Further to my discussion about books about nasty women on April 27, here’s my last review of one of those books: Where’d You Go, Bernadette by Maria Semple:
If this book were not required reading for a book club, I would not have read it. Its cover clearly suggests shallow Chick Lit and its ungrammatical title - with its missing question mark - implies frivolousness. Despite the adage about not judging a book by its cover (and title, I might add), this time first impressions were not wrong.
Bernadette Fox is a renowned architect who has stopped working and is gradually retreating from the outside world, going so far as to hire a virtual assistant to minimize her contact with people. Then she disappears. Her teenaged daughter, Bee Branch, compiles a collection of communication from the time shortly before Bernadette’s disappearance in order to try and understand her mother and the reasons for her behaviour.
In terms of structure, this is a modern epistolary novel consisting of emails, official documents, a magazine article, and secret correspondence. This format with its many and mostly short entries makes for a quick read. Unfortunately, the author cheats and resorts to traditional expository narration when the limitations of her chosen structure prove to be too restricting. If a narrative structure isn’t sustainable, perhaps it is not the best choice.
According to the book jacket, this book is a “riotous satire of privilege.” I take exception to the adjective; parts are funny but certainly not unrestrainedly hilarious. There is satire of the shallowness of the wealthy, but the satire is itself shallow. The observations are ones that would be used on sitcoms to get a laugh; I prefer satire to have more bite. The targets of the rants (e.g. poor city planning, the self-help movement, politically-correct private schools, status-conscious parents) are not original either; they have been ridiculed before and more effectively too. And the focus on Seattle is also off-putting.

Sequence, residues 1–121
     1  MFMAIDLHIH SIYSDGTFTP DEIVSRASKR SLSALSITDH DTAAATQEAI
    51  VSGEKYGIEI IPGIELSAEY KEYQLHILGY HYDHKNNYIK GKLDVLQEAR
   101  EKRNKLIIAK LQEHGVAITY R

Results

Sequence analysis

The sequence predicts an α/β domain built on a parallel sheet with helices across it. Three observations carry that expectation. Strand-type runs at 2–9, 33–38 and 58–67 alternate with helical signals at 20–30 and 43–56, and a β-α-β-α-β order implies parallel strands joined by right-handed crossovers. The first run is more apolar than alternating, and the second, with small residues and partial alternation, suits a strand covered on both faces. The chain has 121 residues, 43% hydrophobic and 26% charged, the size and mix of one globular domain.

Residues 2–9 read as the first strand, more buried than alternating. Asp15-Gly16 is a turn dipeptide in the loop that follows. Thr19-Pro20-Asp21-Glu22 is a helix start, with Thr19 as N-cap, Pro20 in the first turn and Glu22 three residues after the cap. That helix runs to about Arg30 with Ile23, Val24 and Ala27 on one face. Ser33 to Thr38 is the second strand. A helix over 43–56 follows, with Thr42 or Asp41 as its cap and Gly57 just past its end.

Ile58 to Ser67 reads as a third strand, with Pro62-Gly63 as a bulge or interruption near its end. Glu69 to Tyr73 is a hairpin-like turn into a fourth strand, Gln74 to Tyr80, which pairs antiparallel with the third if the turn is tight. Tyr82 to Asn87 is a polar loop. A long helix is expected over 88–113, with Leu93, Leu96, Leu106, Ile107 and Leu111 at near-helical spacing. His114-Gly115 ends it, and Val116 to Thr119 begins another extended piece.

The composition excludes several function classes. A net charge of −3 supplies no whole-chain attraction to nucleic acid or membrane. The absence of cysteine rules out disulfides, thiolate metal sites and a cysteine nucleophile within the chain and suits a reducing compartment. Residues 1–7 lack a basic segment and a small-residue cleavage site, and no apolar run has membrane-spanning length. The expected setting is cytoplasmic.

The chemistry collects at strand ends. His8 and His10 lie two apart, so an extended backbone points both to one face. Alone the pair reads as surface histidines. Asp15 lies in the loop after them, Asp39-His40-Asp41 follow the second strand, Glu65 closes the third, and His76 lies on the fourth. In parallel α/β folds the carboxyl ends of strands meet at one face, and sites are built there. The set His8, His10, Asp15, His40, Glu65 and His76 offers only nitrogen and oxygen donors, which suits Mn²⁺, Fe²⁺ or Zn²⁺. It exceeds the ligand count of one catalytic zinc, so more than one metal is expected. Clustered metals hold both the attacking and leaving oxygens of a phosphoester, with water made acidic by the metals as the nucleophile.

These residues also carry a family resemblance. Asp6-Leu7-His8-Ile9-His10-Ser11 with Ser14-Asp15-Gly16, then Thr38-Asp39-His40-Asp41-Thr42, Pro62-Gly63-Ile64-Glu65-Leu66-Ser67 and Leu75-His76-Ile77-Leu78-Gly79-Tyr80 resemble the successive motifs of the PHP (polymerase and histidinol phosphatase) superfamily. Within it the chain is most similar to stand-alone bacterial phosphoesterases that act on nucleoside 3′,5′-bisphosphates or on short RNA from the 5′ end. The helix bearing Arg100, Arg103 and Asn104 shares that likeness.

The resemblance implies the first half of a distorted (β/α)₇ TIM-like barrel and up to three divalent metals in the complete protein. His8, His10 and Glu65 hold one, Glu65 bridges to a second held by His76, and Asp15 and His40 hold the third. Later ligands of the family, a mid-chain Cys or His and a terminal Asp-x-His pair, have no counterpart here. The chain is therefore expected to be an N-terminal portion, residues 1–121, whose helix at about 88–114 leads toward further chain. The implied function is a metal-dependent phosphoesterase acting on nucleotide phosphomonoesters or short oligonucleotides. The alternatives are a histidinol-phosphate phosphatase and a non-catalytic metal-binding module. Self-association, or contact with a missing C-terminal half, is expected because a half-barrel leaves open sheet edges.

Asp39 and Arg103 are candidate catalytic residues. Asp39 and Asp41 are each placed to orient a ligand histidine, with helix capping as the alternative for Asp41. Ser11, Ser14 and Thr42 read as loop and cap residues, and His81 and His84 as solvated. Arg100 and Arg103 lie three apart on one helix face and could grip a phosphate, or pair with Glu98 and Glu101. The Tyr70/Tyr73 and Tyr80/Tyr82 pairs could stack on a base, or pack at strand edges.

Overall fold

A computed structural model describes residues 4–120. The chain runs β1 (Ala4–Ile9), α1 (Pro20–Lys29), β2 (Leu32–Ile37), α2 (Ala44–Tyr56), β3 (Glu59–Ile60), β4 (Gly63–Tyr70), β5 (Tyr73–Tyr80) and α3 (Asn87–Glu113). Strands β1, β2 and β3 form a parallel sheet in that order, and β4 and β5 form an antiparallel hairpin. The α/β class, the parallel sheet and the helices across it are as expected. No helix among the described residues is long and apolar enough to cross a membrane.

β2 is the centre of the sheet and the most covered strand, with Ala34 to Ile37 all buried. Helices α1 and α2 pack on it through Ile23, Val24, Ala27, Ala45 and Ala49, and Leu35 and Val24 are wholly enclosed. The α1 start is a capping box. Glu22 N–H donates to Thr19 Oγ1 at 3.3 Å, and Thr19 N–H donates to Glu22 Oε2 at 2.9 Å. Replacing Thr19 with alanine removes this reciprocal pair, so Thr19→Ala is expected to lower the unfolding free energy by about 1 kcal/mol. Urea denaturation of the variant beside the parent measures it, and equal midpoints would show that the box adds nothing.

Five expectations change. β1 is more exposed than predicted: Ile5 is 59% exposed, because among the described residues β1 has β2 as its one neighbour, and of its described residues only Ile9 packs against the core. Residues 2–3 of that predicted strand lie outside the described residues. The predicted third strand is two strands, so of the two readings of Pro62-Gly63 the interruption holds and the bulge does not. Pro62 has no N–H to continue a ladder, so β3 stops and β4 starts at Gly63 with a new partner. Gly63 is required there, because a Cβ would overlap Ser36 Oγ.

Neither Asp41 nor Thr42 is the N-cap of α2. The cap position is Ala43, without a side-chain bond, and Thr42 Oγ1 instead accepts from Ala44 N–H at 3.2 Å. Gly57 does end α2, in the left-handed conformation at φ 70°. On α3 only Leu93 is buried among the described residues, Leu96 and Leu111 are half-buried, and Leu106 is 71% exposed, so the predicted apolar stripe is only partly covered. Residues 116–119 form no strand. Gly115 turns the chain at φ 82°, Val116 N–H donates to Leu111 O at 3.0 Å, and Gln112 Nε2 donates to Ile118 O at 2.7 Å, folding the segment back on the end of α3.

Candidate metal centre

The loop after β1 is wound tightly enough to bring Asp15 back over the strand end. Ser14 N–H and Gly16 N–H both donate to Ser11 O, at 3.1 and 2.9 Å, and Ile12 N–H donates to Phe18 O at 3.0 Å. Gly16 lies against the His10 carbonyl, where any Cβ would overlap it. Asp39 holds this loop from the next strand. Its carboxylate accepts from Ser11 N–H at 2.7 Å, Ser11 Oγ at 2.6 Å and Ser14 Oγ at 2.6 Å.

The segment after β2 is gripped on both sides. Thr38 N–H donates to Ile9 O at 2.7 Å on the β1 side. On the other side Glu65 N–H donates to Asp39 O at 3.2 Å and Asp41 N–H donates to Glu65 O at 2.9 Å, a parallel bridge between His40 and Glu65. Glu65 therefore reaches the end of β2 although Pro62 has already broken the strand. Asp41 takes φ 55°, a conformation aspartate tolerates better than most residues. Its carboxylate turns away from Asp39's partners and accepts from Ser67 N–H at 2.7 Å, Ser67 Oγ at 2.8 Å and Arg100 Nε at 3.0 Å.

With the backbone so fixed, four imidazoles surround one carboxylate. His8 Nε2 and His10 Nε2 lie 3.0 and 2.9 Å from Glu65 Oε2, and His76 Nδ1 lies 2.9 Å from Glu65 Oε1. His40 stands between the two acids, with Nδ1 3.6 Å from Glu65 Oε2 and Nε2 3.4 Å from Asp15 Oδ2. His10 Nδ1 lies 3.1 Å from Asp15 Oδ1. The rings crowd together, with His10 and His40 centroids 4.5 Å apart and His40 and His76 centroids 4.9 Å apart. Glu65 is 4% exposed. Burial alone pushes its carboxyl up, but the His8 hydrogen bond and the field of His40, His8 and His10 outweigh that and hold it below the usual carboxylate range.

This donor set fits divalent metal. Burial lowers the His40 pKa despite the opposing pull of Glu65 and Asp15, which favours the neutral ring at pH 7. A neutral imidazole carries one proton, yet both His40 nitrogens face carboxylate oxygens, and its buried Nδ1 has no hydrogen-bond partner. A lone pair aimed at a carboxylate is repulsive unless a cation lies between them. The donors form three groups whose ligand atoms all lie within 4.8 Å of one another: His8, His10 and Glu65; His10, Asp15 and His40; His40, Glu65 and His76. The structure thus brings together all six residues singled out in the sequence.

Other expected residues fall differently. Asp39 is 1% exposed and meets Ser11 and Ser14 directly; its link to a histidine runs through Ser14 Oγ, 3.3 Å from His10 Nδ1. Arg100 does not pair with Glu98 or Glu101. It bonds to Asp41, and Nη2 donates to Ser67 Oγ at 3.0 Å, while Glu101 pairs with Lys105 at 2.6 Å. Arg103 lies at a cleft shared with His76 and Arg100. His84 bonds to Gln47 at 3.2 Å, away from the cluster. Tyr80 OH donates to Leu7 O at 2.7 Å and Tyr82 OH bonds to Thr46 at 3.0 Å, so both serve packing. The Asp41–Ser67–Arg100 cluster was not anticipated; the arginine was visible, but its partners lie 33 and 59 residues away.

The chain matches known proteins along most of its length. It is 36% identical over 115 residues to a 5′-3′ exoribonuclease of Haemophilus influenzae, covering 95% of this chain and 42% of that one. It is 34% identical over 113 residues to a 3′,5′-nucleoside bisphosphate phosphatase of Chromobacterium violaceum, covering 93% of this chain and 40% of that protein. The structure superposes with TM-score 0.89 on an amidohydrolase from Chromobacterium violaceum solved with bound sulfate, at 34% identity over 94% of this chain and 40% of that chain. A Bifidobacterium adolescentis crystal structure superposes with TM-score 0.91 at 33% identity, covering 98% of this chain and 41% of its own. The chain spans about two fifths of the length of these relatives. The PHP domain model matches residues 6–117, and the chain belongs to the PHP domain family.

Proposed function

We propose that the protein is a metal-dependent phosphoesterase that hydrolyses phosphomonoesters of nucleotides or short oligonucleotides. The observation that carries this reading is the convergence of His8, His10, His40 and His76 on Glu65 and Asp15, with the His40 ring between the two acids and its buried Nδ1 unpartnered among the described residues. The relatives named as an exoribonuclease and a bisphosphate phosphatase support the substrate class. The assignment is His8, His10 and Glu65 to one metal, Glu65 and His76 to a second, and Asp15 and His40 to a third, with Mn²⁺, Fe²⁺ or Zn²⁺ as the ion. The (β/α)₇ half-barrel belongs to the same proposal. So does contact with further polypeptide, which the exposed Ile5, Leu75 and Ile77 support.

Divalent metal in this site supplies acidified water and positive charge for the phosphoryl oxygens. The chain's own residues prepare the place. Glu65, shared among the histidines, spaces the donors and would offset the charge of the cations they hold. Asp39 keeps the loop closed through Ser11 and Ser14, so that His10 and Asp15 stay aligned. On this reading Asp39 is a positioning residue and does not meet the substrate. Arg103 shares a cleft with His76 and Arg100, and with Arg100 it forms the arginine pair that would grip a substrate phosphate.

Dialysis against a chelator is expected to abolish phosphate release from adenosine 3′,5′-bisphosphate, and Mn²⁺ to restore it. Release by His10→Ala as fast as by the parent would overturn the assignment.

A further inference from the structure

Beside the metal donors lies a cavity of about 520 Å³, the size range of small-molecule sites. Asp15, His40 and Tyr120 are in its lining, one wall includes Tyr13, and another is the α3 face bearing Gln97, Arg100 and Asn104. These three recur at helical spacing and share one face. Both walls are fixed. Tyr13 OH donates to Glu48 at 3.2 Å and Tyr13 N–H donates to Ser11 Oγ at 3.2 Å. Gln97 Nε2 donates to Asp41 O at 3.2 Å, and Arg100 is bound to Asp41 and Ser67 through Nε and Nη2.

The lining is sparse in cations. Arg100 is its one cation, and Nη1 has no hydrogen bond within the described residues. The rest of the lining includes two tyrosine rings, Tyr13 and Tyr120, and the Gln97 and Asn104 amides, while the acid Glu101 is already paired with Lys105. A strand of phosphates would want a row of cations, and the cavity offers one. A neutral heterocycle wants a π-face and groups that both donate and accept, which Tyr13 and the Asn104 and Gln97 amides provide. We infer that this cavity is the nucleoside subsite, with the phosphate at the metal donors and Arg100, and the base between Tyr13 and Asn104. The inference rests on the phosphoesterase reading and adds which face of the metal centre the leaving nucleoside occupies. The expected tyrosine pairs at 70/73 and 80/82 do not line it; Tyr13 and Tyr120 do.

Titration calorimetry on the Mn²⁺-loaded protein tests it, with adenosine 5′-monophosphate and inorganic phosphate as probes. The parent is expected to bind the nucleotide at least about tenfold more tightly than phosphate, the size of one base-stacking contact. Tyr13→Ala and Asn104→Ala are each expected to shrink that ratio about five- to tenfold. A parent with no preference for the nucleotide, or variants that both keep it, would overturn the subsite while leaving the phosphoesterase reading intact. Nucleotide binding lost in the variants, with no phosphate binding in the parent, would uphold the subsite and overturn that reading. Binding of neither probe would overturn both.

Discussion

I found it difficult to relate to or like the characters. Though Bernadette is supposedly a genius, there is little evidence of her exceptional intelligence. Her rants offer no profound insights. She isolates herself and so becomes obsessed with her pet peeves about which she constantly whines. She is a quirky character and that’s fine, but is it logical that a person who uses email all the time would suddenly insist on writing a letter despite the fact that she is in a place that she herself admits has internet that is faster than she has ever seen. But then everyone else seems quirky too. Her husband, Elgin Branch, is certainly eccentric and even Bee is not a typical teenager. Not only does Bee not have a cell phone and has not been “corrupted by fashion and pop culture,” she seems largely unaffected when she learns about an extramarital affair. All that incessant quirkiness just becomes annoying.
The ending is just too tidy – a sitcom ending where everything is nicely resolved in the end. Everyone has an epiphany and sees the error of his/her ways. Even a character who has been reviled throughout becomes an angel.
This book is very readable because it requires little thought. For me, there is just too much fluff and not enough substance. I found myself not caring where Bernadette went.